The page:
Research on A Risk Factor for Stroke

British researchers attempted to shed some light on an amino acid in the blood long suspected as a risk factor for stroke.

The study results suggest people who carry a gene that produces a higher level of the amino acid homocysteine have a small increased risk for stroke. If confirmed by other studies, the finding could lead to treatment with folic acid and vitamin B, which are known to reduce homocysteine levels in the blood.

The research involved a review of the medical literature on homocysteine levels and stroke. Most of the work so far, report the authors, has been observational in nature. Therefore, investigators question whether the link between stroke and homocysteine levels might be influenced by other factors also known to cause an increase in stroke risk, such as smoking and lower socioeconomic status.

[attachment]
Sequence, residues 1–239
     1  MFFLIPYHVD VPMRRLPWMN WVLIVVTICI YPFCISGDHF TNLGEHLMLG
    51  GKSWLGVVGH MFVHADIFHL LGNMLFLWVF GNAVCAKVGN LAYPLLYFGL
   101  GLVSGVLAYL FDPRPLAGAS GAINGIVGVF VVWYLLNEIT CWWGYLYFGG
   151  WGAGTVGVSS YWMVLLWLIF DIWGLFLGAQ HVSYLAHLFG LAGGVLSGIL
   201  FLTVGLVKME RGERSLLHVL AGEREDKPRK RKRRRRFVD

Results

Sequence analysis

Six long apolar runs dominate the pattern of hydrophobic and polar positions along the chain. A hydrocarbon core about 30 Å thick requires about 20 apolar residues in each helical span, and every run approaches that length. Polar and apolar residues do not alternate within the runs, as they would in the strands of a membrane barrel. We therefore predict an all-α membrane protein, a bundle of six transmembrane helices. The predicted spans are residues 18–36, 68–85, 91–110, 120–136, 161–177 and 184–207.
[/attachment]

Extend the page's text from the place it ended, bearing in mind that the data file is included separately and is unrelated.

The authors of this study used a standard scientific approach to weed out the confounding factors by looking at data on the link between homocysteine and gene variations that cause people to have higher or lower levels of the amino acid in their blood. They compared risks from observational studies with those from the gene-based studies to arrive at their findings.

Other researchers writing in a commentary in the same issue, however, say it’s too soon to say the gene variation causing higher homocysteine levels is really to blame for an increased risk of stroke in that population, noting the gene variation itself may also affect behavioral or socioeconomic factors that could be increasing the stroke risk.

Both the study authors and the commentators agree more study is needed before doctors should begin prescribing folic acid and/or vitamin B for people with higher homocysteine levels.

SOURCE: The Lancet, 2005;365:224-232,194-195

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